“Here,” Rilke’s persona says in his Duino Elegies, “is the time for what can be said.” Here. Now.

A few days after the close of the exhibition, Alex texts me: “The gallery must be empty. By now the wall is back to pagewhiteness. A reminder of all that is yet to be made.

About Scott Abbott

I received my Ph.D. in German Literature from Princeton University in 1979. Then I taught at Vanderbilt University, BYU, and Utah Valley State College. At Utah Valley University, I directed the Program in Integrated Studies for its initial 13 years and was also Chair of the Department of Humanities and Philosophy for three years. My publications include a book on Freemasonry and the German Novel, two co-authored books with Zarko Radakovic (REPETITIONS and VAMPIRES & A REASONABLE DICTIONARY, published in Serbo-Croatian in Belgrade and in English with Punctum Books), a book with Sam Rushforth (WILD RIDES AND WILDFLOWERS, Torrey House Press), a "fraternal meditation" called IMMORTAL FOR QUITE SOME TIME (University of Utah Press), and translations of three books by Austrian author Peter Handke, of an exhibition catalogue called "The German Army and Genocide," and, with Dan Fairbanks, of Gregor Mendel's important paper on hybridity in peas. More famously, my children are in the process of creating good lives for themselves: as a model and dance/yoga studio manager, as a teacher of Chinese language, as an ecologist and science writer, as a jazz musician, as a parole officer, as a contractor, as a seasonal worker (Alaska and Park City, Utah), and as parents. I share my life with UVU historian Lyn Bennett, with whom I have written a cultural history of barbed wire -- THE PERFECT FENCE (Texas A&M University Press). Some publications at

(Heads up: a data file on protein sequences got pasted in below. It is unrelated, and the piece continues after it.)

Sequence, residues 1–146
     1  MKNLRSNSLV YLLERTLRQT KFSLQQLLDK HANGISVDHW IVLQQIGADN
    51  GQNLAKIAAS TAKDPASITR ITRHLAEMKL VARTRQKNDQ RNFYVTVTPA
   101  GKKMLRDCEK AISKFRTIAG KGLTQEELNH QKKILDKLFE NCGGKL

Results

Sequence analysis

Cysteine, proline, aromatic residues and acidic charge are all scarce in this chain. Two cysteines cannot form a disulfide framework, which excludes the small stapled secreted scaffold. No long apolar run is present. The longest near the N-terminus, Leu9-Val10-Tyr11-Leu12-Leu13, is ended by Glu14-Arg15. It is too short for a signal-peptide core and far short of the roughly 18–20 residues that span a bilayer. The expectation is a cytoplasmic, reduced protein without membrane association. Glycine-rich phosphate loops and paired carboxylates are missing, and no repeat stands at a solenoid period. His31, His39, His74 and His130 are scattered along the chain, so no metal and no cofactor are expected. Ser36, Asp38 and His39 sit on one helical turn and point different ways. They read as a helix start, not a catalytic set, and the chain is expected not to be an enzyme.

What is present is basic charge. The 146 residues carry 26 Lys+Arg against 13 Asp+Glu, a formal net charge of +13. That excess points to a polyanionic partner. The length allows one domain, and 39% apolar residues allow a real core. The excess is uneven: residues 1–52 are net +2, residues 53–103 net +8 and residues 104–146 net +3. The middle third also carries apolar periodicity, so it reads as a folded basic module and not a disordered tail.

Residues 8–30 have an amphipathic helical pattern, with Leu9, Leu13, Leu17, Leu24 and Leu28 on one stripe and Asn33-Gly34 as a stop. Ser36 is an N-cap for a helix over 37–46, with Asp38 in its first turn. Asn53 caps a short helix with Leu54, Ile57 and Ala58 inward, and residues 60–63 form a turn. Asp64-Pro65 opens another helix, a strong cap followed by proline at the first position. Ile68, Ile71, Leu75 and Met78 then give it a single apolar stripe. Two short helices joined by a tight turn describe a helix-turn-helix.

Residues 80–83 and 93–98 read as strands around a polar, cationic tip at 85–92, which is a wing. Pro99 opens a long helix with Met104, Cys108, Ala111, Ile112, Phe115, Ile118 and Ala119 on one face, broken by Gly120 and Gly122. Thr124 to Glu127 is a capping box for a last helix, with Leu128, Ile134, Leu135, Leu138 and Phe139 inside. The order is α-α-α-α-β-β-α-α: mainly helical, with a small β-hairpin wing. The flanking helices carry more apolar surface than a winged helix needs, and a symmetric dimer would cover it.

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  1. Charles Hamaker says:

    Thanks for sharing the exhibit and your thoughts surrounding it


  2. Frank McEntire says:

    Scott, envious I am that you have not only a depth of understanding about our mutual buddy, Alex, but get to spend time with him, time calculated in so many ways. Thanks for your thoughts about Alex, his work, and his pekyooler sense of being.


  3. alex caldiero says:

    scott that image on the cover of zarkos book travel keeps haunting me. there i am in SPLACE in a pluri verse … what lives we each lead!! as we go on our ways. damn!!! hope we get there for there is here.


  4. alex caldiero says:

    very fine exposition. thank you.